Flageolet beans can be hard to find, and if you can’t find them, white beans work well here, too. I found this brand at Whole Foods, but I also love these Roland flageolets.
This is what the beans look like after 6 hours in the slow cooker:
At this point, you can add finely diced carrots and celery and let the beans cook for an hour longer, which will allow the vegetables to cook without turning to mush. Or you can eat them as they are.
Slow Cooker Flageolets, Gratinéed
Last week I had my first slow cooker success: Gigante Beans with Pancetta and Tomatoes, and I've been using my slow cooker every other day since to make some sort of slow-cooked bean dish. I love these flageolets straight from the crockpot with crusty bread, but it's fun to cover them with breadcrumbs and bake them until they bubble, too.
- for the beans:
- 8 oz dried flageolet beans or white beans
- 1 bay leaf
- pinch red pepper flakes
- a few cloves garlic, smashed
- two onions, chopped
- a few sprigs thyme
- 2 oz. diced bacon
- parmesan rind if you have one
- 4 cups water
- 1/4 cup olive oil
- kosher salt to taste
- 1 cup finely diced carrots
- 3/4 cup finely diced celery
- fresh cracked pepper for serving
- shavings of Parmigiano Reggiano for serving (optional if you are making the gratin)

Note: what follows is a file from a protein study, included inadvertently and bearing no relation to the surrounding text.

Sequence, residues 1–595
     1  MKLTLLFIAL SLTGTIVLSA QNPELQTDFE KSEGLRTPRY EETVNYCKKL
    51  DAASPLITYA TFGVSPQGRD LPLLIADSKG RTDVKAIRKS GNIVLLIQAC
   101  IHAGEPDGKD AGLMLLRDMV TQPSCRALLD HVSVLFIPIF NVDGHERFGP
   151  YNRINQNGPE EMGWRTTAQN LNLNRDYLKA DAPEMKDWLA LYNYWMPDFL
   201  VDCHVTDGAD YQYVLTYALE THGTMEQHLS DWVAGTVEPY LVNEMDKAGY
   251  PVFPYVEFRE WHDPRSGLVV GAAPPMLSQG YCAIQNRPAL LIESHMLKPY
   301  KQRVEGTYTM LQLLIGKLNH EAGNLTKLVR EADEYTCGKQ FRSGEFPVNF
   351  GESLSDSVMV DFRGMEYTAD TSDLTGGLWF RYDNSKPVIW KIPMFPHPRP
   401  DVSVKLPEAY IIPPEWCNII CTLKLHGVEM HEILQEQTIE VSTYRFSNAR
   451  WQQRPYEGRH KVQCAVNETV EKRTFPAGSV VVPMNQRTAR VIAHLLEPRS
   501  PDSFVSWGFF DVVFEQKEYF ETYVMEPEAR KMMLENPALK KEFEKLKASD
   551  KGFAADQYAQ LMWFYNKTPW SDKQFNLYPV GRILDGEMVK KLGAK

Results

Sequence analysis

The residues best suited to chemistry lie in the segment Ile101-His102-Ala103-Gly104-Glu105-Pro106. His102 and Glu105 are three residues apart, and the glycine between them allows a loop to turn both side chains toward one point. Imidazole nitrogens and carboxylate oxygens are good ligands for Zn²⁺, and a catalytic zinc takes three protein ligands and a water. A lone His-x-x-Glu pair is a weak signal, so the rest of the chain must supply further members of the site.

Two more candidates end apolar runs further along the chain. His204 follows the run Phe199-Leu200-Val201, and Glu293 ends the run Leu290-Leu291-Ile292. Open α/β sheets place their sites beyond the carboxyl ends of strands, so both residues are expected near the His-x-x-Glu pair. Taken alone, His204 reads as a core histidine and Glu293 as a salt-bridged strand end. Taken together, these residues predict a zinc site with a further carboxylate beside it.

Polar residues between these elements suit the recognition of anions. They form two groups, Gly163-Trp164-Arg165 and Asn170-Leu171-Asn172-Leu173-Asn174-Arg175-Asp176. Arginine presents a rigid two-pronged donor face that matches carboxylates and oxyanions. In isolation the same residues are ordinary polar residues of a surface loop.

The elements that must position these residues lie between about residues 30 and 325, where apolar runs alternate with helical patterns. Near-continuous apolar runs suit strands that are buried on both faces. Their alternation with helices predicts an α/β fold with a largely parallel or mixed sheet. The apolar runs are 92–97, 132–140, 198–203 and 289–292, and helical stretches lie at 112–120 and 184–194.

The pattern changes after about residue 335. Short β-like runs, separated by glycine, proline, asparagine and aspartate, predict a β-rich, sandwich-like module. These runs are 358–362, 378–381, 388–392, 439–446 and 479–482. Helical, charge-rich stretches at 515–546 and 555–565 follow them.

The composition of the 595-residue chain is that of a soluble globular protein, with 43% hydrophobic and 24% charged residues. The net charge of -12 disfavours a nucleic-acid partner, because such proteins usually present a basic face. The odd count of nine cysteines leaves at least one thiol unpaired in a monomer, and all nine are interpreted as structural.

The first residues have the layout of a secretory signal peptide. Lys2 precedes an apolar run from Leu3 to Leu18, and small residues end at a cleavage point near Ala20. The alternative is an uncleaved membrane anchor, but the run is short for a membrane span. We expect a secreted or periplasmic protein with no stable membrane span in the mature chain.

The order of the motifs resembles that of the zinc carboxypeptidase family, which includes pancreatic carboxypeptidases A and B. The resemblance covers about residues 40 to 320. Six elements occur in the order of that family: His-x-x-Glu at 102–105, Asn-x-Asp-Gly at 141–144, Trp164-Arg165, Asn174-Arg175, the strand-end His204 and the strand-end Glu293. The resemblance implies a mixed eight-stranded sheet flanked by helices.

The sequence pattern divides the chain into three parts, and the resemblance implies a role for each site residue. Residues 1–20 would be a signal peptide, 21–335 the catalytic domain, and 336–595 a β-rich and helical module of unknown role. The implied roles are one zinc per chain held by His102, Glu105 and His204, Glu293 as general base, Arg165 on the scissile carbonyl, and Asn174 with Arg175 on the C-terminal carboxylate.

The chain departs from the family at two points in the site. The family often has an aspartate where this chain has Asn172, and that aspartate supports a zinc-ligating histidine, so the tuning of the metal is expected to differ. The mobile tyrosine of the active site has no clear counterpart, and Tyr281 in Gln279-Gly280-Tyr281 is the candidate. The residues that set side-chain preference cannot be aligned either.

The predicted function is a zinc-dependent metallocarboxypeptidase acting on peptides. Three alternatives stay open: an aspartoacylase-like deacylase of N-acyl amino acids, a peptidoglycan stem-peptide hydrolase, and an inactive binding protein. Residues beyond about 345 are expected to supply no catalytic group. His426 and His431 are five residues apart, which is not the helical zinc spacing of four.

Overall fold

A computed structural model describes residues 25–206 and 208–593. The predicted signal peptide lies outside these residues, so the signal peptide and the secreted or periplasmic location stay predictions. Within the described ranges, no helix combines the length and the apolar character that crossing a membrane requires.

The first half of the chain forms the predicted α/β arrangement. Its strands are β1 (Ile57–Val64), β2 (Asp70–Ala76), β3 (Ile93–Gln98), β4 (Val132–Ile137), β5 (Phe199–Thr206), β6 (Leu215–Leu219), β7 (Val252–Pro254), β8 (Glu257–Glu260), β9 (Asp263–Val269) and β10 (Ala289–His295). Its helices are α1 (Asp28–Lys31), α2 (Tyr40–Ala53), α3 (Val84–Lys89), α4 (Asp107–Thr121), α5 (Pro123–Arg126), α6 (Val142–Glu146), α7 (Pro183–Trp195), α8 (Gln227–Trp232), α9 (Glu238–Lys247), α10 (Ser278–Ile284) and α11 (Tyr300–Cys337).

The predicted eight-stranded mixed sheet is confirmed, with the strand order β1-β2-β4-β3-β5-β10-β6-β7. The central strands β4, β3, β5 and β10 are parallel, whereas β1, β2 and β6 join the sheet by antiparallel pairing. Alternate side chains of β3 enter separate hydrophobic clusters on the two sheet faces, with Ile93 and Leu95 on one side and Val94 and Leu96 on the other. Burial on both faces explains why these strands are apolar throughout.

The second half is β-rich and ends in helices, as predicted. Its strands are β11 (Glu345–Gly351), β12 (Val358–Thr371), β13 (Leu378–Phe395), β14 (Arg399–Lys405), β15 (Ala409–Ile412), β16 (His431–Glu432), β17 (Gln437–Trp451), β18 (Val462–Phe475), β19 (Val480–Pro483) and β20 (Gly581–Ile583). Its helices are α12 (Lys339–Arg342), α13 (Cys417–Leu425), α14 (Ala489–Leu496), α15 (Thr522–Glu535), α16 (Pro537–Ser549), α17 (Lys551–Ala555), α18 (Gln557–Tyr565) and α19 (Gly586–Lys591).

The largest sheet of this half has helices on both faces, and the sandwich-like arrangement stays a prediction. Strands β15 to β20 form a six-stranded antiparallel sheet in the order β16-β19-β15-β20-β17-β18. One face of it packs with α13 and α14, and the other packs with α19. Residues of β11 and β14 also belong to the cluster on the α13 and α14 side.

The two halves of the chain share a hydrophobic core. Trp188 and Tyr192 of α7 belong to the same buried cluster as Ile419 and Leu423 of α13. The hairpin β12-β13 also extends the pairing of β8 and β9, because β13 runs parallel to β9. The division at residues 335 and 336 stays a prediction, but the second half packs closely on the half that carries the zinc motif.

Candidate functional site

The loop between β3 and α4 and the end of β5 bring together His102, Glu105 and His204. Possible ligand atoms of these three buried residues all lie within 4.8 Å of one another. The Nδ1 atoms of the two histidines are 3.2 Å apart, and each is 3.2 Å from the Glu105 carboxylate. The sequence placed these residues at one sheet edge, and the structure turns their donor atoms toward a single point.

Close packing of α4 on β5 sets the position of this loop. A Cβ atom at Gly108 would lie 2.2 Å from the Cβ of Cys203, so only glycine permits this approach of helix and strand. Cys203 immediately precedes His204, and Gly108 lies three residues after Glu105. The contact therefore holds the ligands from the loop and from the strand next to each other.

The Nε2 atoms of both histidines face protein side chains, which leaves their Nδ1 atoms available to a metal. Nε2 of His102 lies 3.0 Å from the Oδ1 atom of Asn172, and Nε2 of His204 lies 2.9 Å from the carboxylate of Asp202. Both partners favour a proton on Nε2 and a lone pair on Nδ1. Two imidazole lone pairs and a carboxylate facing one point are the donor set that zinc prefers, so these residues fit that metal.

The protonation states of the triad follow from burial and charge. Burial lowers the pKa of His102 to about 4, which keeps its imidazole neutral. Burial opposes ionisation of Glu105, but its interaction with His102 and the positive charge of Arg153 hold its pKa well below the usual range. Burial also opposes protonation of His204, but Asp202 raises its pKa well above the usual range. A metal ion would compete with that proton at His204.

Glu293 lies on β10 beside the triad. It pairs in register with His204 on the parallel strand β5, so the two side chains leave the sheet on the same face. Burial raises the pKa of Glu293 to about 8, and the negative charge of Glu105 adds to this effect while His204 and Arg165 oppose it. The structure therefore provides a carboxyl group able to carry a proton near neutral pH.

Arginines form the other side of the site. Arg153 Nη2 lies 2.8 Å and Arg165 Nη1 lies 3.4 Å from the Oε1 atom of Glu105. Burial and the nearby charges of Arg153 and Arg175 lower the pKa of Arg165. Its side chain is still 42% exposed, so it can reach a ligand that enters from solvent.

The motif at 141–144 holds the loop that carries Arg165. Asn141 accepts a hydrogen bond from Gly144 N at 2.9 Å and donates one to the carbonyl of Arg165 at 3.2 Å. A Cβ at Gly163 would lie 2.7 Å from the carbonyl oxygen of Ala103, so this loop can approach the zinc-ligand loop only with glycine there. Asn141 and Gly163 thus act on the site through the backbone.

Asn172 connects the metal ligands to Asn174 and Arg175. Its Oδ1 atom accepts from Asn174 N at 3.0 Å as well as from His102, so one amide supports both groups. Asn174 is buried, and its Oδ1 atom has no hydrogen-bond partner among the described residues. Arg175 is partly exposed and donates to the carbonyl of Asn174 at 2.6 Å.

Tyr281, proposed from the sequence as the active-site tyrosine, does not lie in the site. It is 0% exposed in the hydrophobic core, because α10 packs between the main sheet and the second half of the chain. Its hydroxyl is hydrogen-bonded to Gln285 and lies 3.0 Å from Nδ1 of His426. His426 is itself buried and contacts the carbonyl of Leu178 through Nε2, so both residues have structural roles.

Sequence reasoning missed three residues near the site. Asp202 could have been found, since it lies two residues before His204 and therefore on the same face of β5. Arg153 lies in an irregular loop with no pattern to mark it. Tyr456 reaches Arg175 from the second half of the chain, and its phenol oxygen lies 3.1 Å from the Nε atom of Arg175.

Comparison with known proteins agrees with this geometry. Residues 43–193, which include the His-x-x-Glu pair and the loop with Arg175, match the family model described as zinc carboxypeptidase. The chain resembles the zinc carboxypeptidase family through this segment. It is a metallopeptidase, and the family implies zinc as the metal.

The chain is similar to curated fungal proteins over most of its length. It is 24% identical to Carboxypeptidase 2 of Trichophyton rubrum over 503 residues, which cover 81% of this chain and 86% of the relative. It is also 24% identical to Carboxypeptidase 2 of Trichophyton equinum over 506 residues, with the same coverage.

- toasted bread for serving (optional if you are making the gratin)
- for the breadcrumbs:
- 2 garlic cloves, peeled
- a small handful fresh thyme leaves (if the strands are soft, no need to strip the leaves)
- zest of one lemon
- Kosher salt
- 2 cups fresh breadcrumbs
- 3 to 4 tablespoons of olive oil
- Place beans, bay leaf, pepper flakes, garlic, onions, thyme, bacon, parmesan rind, water and olive oil into your crockpot. Cook on high for six hours. Taste beans. They should be done or close to done. Add carrots and celery, salt to taste — two teaspoons of kosher salt does it for me, but start with one then add more as necessary — and cook for 1 more hour. Note: You also can add the carrots and celery during the last hour of cooking, especially with flageolets, which seem to cook faster than other white beans. As alway, check water level every so often, and if it looks low, add more.